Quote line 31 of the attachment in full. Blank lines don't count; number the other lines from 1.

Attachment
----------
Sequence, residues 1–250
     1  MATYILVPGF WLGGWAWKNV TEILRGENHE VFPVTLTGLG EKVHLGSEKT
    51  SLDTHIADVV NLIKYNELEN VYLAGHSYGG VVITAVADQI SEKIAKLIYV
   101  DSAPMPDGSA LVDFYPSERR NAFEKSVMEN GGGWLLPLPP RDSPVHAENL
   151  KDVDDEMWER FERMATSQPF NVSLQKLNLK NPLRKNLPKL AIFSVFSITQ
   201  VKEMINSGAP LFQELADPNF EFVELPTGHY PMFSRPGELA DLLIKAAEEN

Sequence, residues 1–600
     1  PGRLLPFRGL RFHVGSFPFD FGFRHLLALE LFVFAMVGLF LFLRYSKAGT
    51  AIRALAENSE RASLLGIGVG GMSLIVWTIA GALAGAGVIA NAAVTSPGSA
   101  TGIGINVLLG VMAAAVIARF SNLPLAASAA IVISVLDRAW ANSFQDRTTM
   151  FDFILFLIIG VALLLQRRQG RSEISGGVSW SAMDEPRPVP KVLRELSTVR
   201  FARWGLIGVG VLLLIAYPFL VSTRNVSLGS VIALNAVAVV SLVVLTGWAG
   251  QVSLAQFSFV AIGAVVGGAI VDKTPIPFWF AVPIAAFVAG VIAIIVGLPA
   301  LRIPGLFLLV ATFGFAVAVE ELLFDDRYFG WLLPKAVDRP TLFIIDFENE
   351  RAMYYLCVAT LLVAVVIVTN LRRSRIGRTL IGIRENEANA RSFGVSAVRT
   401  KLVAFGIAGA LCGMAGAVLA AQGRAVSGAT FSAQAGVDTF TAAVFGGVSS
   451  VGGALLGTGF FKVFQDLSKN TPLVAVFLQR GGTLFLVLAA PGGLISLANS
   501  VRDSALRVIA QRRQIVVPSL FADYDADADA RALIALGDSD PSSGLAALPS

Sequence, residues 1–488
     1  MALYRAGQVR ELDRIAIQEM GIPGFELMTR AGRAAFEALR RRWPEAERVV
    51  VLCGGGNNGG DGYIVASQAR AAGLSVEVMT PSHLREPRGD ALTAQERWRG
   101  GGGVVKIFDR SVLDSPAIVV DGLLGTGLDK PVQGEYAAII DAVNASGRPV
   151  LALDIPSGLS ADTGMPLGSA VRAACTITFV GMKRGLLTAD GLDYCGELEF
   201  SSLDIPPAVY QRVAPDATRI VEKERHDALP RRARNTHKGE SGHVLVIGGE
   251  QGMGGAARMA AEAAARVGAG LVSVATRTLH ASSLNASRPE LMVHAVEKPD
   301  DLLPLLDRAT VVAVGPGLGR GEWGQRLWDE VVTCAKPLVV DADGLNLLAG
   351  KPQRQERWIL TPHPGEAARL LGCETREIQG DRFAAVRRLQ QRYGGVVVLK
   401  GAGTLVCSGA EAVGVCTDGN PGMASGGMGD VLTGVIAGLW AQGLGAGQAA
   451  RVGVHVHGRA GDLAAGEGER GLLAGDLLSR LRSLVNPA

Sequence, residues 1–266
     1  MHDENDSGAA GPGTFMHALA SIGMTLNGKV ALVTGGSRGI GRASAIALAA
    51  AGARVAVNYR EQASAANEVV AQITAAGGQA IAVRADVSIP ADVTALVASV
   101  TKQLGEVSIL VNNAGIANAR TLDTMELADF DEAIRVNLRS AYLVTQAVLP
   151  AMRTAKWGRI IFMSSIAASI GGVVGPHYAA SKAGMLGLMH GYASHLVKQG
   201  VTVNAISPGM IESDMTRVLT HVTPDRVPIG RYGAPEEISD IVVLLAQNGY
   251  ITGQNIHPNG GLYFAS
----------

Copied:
     1  MHDENDSGAA GPGTFMHALA SIGMTLNGKV ALVTGGSRGI GRASAIALAA